Regarding the story on Friday's front page "Tea Party Brews a ‘Really Inspiring' Day": Patti Weaver, an organizer of Pittsburgh's rally, was quoted as saying that the accusation that some in a Washington demonstration had greeted African-American members of Congress with "the N-word" on the eve of passage of landmark health reform legislation was "a total lie."
Rep. Michele Bachmann, R-Minn., was chided by House Majority Leader Steny Hoyer for denying Rep. John Lewis' N-word experience: "I don't think there's any doubt that what John Lewis said happened and what others saw and heard happen did, in fact, happen. That's why I think the credibility of that assertion is questionable."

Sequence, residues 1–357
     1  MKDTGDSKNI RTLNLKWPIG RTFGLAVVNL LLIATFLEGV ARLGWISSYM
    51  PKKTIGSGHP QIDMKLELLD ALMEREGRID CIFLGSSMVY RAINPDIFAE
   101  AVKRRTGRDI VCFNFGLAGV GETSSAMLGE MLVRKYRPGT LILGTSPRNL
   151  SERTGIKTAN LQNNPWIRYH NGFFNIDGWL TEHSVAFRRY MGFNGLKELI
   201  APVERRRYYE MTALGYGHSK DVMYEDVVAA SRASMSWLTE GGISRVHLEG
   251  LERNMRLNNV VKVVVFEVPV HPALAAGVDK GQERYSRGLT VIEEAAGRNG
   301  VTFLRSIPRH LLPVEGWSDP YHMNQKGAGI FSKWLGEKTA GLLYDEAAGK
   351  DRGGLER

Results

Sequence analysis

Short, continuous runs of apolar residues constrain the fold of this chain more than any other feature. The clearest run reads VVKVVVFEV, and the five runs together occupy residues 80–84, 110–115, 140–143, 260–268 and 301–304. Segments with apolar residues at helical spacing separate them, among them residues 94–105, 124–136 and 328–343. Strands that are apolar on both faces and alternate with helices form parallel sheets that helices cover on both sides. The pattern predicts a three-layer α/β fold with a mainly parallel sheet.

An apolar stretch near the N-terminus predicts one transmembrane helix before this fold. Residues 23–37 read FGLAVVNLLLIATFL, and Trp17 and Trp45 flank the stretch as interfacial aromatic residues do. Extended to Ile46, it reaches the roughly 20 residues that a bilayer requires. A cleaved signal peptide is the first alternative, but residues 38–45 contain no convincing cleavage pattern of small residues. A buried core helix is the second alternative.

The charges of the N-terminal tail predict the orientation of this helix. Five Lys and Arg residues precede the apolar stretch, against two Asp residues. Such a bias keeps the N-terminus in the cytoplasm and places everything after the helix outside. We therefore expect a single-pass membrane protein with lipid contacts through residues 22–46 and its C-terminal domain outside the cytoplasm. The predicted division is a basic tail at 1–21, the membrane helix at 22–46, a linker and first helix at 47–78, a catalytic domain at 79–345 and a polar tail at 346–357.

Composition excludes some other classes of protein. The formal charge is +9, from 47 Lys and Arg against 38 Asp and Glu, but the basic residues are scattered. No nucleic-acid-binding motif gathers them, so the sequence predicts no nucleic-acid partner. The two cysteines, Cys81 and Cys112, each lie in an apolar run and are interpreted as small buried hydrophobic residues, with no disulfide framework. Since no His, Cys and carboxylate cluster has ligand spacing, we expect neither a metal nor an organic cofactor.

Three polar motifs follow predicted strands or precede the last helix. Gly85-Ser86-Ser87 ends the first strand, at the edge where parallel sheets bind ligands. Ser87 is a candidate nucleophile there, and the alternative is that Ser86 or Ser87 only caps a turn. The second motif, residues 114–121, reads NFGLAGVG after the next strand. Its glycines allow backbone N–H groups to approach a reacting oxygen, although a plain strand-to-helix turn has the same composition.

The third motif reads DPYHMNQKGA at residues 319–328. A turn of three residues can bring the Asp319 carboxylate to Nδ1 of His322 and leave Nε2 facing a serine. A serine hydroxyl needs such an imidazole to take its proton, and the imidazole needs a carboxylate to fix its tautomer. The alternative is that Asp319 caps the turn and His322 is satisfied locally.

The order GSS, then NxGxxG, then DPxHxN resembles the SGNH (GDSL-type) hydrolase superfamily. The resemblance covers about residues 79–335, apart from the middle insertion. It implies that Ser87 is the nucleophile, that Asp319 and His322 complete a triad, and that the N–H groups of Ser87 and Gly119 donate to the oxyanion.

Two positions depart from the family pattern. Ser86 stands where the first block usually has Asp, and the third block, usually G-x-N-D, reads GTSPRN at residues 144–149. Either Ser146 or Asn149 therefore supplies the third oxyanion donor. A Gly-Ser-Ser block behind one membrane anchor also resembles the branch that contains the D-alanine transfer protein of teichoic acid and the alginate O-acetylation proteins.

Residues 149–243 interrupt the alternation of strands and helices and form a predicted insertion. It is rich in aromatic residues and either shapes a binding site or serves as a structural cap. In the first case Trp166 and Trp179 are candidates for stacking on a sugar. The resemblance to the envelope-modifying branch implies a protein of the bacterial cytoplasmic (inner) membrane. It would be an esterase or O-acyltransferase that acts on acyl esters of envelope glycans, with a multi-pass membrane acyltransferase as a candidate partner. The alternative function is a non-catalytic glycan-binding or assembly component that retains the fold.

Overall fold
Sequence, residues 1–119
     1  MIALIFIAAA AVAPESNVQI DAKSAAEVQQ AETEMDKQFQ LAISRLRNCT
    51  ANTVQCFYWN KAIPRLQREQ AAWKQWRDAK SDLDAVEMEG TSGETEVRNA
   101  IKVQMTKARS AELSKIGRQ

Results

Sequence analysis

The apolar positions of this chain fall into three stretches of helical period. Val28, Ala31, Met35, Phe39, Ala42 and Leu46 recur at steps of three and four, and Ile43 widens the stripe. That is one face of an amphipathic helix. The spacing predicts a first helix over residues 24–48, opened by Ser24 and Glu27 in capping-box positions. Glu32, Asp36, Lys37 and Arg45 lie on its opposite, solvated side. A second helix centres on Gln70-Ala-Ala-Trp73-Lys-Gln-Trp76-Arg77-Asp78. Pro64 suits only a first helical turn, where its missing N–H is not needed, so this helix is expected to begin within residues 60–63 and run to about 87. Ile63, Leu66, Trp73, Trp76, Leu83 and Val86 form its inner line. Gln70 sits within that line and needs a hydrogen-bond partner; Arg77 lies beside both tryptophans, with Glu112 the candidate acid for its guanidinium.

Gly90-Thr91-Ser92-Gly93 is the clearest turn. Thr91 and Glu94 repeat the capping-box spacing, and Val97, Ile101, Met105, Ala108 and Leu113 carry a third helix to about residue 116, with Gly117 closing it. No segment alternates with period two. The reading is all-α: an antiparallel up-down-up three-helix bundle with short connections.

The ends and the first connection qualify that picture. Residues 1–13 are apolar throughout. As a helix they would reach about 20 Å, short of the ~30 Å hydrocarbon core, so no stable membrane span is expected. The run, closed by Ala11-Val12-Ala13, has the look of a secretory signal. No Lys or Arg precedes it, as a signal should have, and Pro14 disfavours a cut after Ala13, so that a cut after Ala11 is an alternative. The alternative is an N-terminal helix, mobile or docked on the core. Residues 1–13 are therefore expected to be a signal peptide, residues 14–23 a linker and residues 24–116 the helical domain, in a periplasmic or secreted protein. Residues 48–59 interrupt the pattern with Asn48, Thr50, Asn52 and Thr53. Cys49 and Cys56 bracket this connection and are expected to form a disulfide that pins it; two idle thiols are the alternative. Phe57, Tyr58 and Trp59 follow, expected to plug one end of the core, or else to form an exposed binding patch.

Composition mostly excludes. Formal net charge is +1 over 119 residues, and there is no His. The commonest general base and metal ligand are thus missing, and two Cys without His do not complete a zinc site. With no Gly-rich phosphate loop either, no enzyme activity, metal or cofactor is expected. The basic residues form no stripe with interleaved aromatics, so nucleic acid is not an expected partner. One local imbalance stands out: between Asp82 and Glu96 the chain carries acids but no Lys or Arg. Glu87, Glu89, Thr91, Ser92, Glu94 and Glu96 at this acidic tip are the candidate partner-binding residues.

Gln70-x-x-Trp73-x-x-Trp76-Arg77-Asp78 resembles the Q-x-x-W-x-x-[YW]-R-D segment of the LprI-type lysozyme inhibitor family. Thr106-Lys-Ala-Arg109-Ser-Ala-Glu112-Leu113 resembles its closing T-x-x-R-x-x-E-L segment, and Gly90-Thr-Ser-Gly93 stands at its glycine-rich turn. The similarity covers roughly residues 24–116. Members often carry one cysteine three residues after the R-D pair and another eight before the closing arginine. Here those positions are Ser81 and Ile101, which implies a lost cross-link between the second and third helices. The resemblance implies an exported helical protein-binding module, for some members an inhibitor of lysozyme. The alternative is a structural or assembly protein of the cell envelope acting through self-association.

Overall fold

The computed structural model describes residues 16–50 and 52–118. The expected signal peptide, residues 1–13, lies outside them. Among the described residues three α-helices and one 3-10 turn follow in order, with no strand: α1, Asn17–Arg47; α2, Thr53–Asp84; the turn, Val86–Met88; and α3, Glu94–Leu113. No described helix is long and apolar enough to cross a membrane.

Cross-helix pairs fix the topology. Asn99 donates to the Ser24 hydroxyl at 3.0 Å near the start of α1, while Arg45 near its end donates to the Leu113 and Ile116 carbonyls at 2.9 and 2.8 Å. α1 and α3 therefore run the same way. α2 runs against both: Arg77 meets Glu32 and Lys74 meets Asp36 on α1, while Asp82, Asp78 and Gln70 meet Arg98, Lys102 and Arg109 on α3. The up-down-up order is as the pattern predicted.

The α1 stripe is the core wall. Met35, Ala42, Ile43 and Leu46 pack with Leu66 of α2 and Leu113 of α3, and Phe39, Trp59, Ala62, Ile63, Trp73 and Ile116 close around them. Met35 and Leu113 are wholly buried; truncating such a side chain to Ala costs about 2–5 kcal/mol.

Rep. Lewis became nationally known during his prominent role in the Selma to Montgomery marches. During the first march, police attacked the peaceful demonstrators and beat Mr. Lewis mercilessly in public, leaving a fractured skull and head wounds that are still visible today. To question John Lewis' credibility in this instance is an insult and an indication of the denial of tea party leaders.
While I support the tea party's right to free speech, its supporters have no right to hurl racial epithets and spit on African-Americans. This is incendiary behavior, and leadership from both sides should make an effort to discourage it, rather than denying it and fanning the flames of racist extremists and militants. They do so at our peril.